Increasing Identity Governance when using OpenID: Hosting an OpenID Identity Provider on a smartphone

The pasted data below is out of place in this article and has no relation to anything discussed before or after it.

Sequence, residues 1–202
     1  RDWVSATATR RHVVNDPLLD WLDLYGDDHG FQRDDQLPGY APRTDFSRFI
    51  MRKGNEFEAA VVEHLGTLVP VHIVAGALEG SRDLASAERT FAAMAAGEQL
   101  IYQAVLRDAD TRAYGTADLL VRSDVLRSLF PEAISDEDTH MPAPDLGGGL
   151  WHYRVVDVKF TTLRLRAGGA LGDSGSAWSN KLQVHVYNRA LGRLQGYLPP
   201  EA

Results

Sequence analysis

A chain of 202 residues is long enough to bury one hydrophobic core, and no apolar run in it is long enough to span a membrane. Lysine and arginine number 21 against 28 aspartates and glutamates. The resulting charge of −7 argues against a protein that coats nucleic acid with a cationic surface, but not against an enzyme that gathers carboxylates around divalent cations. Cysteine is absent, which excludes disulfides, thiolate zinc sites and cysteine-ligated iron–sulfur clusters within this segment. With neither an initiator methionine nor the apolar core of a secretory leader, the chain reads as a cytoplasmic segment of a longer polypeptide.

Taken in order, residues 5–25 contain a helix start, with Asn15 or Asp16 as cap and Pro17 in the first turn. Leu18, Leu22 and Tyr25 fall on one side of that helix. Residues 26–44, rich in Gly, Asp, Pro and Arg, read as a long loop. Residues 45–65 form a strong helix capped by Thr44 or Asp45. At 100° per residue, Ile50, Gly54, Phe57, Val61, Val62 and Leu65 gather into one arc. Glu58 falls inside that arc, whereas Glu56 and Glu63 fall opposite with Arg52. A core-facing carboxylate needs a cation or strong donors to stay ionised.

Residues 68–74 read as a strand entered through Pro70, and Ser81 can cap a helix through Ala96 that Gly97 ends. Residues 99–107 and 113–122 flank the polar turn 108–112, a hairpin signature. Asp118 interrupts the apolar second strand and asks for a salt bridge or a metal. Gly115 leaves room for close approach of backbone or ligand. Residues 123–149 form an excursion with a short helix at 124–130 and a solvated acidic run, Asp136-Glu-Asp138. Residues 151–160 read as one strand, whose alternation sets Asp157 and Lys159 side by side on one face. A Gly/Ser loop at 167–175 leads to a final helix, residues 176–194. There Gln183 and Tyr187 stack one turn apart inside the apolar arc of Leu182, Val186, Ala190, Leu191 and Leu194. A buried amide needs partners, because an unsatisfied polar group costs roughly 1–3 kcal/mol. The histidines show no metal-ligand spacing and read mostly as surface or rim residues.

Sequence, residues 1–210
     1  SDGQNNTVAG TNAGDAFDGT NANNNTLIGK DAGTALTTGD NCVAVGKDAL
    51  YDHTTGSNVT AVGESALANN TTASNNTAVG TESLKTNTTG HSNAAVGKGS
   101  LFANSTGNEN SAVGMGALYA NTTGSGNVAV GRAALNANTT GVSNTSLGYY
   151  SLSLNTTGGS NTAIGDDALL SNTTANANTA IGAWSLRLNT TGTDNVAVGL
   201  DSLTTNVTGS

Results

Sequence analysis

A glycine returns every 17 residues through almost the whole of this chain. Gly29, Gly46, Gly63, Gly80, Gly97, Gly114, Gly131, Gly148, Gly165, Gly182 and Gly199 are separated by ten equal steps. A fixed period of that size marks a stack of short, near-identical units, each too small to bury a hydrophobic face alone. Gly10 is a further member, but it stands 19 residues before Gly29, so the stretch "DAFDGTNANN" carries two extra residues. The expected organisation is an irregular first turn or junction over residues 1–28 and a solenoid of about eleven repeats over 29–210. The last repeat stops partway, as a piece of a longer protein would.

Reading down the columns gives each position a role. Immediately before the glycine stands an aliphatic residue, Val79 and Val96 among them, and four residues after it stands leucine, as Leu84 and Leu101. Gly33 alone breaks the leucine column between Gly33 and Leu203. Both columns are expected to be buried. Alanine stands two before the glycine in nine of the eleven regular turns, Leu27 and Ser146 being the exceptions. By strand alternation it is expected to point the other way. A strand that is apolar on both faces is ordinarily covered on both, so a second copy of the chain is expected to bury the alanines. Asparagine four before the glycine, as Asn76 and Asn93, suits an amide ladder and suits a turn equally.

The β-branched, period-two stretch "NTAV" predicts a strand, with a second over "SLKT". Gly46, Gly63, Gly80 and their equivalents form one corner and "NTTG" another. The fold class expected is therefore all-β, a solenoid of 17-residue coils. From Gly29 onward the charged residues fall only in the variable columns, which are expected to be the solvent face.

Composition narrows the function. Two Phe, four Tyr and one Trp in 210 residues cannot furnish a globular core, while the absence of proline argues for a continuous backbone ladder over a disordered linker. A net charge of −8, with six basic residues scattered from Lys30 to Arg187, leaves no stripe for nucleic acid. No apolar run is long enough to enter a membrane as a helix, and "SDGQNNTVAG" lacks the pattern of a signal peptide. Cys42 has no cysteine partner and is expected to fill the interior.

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In the area of identity management OpenID is an identity system allowing users to log in to OpenID-enabled web sites by proving ownership of an OpenID Identifier by authenticating with its controlling OpenID Identity Provider. A user can choose to host an OpenID Identity Provider herself or trust in existing third-party providers such as Google. Technical skill is required for the former, leaving it unavailable for the average user.This thesis simplifies the matter by implementing an OpenID Identity Provider as a smartphone application, making use of the traditional server-like features inherent in such devices. New possiblities for authenticating the user arise as she is enabled to physically interact with the OpenID Identity Provider, which in the traditional scheme is performed through the web browser. As a result from these new possiblities, phishing attacks are claimed to be avoided and identity attributes are exempted from being controlled and possibly exploited by any third-party.One of several technical challenges include enabling the smartphone to receive inbound connections as this is required by the OpenID Authentication protocol, but restricted by telecom operators by default. Functionality must be in place to backup identity repositories stored on the smartphone in order not to lose possession of the established OpenID identities if the device becomes lost or damaged. Lastly, focus is given to make the solution easily applicable for even the novice consumer.